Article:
What is Kawasaki Disease? Is it caused by Covid-19?
Kawasaki disease (KD), also known as Mucocutaneous Lymph Node Syndrome, causes swelling (inflammation) in the walls of blood vessels (arteries) throughout the body. The inflammation tends to affect the coronary arteries, which supply blood to the heart muscle, in about 15-25 percent of patients affected by the disease. It mostly affects children who live in East Asia or are of Asian ancestry living in other parts of the world. KD was first described in 1967 by a Japanese physician; Dr Tomisaku Kawasaki.
Its effect on the coronary arteries can be serious. It is one of the leading causes of heart attack in children. KD can also cause coronary arteries to expand (aneurysm) and rupture. It can be treated successfully if identified early. Most children recover without any complication.
KD is not contagious, but sometimes it occurs in clusters in a community. This is probably due to the contribution from viruses, bacteria, chemicals and irritants to the disease. The exact cause of KD is yet unknown. Some believe that genetic factors may play a role.
Is there any connection between Kawasaki Disease and Covid19?
In children, COVID-19 is usually mild. Rarely children can be severely affected, and symptoms may differ from adults. During this pandemic number of children and adolescents were admitted to intensive care units with a condition called “multisystem inflammatory syndrome in children” (MIS-C). The first reports of such cases emerged from England in April 2020. Although the exact incidence of MIS-C is unknown, it appears to be a rare complication of COVID-19. Some of the clinical features of this MIS-C are similar to Kawasaki. In addition, some children with KD tested positive for Covid19 as well. This could be a mere co-incidence. More studies are needed to confirm or refute this association.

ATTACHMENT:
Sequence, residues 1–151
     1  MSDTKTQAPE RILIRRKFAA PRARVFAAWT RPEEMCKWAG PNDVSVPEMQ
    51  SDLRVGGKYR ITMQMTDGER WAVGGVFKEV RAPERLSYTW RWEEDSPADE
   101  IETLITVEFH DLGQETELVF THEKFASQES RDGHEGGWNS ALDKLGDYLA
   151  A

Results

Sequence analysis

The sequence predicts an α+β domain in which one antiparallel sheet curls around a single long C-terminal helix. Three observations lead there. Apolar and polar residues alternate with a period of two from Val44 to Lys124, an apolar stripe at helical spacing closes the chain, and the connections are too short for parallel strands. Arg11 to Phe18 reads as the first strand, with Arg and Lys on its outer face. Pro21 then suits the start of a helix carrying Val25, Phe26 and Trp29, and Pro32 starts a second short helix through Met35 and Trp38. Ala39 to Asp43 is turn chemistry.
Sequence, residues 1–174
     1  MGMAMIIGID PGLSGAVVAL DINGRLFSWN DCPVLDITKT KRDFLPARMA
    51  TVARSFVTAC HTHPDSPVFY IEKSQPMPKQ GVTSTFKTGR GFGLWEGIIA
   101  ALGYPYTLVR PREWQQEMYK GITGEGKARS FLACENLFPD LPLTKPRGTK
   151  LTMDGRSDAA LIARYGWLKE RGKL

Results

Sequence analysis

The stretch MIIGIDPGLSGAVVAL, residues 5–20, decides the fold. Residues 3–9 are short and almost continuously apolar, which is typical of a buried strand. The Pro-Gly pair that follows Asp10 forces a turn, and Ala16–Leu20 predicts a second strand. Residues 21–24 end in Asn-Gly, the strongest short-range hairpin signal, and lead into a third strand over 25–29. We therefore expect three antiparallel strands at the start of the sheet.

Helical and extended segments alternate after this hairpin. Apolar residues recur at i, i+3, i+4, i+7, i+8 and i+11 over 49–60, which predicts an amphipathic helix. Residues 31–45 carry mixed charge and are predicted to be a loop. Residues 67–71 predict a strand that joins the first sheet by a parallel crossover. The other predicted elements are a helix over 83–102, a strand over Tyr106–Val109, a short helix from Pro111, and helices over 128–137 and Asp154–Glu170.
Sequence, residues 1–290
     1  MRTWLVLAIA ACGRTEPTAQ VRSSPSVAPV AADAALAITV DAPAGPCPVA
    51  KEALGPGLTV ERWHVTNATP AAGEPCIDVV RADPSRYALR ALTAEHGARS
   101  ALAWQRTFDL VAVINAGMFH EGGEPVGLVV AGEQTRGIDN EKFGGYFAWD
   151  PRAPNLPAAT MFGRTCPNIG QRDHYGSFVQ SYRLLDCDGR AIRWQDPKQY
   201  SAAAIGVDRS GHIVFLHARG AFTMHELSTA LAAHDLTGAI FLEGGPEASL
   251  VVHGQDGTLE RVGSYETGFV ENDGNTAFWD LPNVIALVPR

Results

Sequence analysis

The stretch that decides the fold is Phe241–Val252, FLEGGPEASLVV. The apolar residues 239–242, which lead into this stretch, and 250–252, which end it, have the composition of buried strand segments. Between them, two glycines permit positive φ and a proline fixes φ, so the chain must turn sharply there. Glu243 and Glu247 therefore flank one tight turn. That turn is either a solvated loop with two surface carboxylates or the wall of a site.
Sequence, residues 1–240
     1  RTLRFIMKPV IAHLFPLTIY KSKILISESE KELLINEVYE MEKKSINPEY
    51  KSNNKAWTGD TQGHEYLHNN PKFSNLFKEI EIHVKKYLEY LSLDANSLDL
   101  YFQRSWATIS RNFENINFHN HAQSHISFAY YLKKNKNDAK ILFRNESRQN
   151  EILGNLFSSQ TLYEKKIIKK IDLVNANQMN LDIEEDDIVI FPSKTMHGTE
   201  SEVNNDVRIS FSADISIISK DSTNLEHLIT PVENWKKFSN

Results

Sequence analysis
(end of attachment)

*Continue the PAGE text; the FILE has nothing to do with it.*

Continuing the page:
Symptoms of Kawasaki Disease
- Fever (>101⁰F / >38.5⁰C) lasting more than 5 days. Fever may not reduce even with medication and the child is unusually irritable.
- Rash – red spots often seen in the chest and legs and groin area.
- Swelling and redness in the hands and bottom of feet
- Redness of eyes (without pus discharge)
- Swollen, bright red tongue (looks like the peel of a strawberry, hence the name “strawberry tongue” is often mentioned)
- Red and dry lips
- Swollen glands (lymph nodes), especially in the neck area
In the second phase of Kawasaki Disease the child may develop joint pain, stomach pain, diarrhoea and vomiting. Peeling of the skin on the hands and feet will be seen from second week onwards. During this period KD can cause complications in the heart (expansion of coronary arteries / aneurysm)
The third phase of the disease may last up to 8 weeks. During this period the signs and symptoms will slowly fade unless complications develop.
Early identification and appropriate treatment can completely resolve the illness and even reverse the complications. Due to the potential complication in the heart, KD can become serious. Despite this risk, most children recover completely without any long-term problems. The treatment cost of KD can be very high and in some cases long term follow up will be required.
In conclusion, KD is an already known disease but whether this disease is provoked by Covid19 is unclear yet. Since most cases of KD are treatable without any long-term issues, it is important to seek medical advice early. If your child suffers from fever and any symptoms described above, speak to your family physician without delay.
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